However, all is not lost.

While trying to get through this stalled period, the Project Team have been madly working through the Initiating a Project Stage and many other areas (PRINCE2 purists will be horrified) taking into account what we know and making assumptions left, right and centre.

Basically we are not prepared to simply sit and wait. What we hope to do when management get their acts together, is to flood the organization with our massive wave of project planning. Before they realise it, they will be swept up in the project and we will have our momentum back!

Project Impact:

Project Planning - Positive
We have used the delay in managerial decision process to gain more planning time that may not have otherwise been available. Extra time is spent on solidifying our communication plans to ensure the momentum is regained.

Project Planning - Negative
As we are currently 'headless', our planning in some areas has been based on assumptions or tentative schedules. These may very well turn out to be invalid further down the track.

Jul 1, 2008

Project Management Software

Those who have ever attempted to set up an organization with any form of project management software will know that it's a minefield out there. So many options each with their own spin on the "must-have" features and functions needed to make running your project easier. The one thing I have found is that there is not any single product out there that will be all things to all people involved with your project.

In our case, the decision making process was all but made for us. Our organization had, at one stage or another, purchased MS Project Server but had never really implemented it. The IT unit were already using Sharepoint for a few internal team sites and I have been using MS Project for a while so there we have it. Many project managers will recoil in horror at the mention of MS Project Server but for what we needed, it should do quite nicely.

The other reason it suits is due to the maturity of our organization in the project area. We are at a time of reasonably large change and even the concept of project management software is new to some. I really wanted a collaboration platform for our workgroups and the MS Project Server solution gives us familiar interfaces and integration aspects that MS Office users seem to have an easier time adopting.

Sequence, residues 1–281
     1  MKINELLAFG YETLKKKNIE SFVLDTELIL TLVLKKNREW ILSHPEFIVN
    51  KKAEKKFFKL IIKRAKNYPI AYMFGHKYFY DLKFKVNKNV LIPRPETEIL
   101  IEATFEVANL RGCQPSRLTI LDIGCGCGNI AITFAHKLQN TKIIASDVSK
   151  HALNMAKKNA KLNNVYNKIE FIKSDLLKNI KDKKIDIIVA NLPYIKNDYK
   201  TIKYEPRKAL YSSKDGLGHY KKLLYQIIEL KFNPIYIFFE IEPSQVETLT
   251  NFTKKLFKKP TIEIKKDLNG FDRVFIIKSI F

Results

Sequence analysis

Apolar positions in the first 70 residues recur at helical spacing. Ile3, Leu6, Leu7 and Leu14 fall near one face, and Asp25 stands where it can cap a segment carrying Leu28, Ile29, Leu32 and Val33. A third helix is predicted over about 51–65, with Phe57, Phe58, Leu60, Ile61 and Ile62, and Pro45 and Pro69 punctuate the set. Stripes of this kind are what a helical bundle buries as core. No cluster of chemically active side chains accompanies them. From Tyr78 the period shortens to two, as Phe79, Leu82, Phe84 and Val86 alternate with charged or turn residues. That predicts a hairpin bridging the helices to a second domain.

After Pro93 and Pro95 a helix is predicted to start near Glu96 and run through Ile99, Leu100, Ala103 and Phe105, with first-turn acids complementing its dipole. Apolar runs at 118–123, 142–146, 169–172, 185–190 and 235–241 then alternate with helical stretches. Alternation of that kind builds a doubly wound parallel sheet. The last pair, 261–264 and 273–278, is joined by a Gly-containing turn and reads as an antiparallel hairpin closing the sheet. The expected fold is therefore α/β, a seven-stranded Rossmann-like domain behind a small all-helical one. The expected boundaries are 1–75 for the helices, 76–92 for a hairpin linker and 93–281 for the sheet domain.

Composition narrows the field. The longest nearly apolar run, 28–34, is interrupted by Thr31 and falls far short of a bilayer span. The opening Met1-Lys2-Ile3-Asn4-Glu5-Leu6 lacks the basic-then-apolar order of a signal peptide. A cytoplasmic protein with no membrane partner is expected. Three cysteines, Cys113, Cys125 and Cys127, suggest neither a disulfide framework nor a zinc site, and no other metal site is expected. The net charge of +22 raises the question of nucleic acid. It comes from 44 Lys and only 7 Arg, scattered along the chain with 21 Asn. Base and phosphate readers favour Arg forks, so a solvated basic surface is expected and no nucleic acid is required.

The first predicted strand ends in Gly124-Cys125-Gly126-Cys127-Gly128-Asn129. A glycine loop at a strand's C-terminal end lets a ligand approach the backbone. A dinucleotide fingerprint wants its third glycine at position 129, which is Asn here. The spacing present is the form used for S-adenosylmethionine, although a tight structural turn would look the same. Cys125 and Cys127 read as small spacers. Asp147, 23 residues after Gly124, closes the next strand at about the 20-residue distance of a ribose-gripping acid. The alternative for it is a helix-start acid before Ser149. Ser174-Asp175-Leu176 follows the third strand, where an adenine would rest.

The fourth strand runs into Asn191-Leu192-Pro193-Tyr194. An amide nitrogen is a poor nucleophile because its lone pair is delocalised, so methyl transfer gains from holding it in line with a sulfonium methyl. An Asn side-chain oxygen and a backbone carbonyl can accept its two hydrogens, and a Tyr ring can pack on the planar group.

That being said, I would by no means say that it is the be all and end all in the area. I would encourage anyone in the market for project management software to thoroughly research and benckmark their options against things like:
  • Is the software likely to be a time burden or a productivity tool?
  • Is the organization or project team ready for the level of functionality available?
  • What sort of reporting does your organization expect from the project and does the software easily deliver it?
  • Does the size and complexity of the project warrant a dedicated project management software solution?
There are many, many factors to consider and a big one for us was not to make the implementation of project management software a project within a project. In the end, it was the small implementation and learning burden on the end users that sealed the deal for us.

Project Impact:

Project Team Organization
Should (and I repeat, should) see productivity gains in day to day management of tasks, activities, issues and risks. Given that our project is likely to raise a high number of issues the ability for all project team members to raise issues directly into the central repository is huge advantage.

Project Team Training
Additional time required to familiarise some subject matter experts and team members with the new software.

Staff Morale
By keeping a constant collaborative channel open, all team members are able to contribute at their own pace. Some staff may prefer to raise issues in a passive manner rather than in front of a group. It also construes the message that every team member's input is valueable.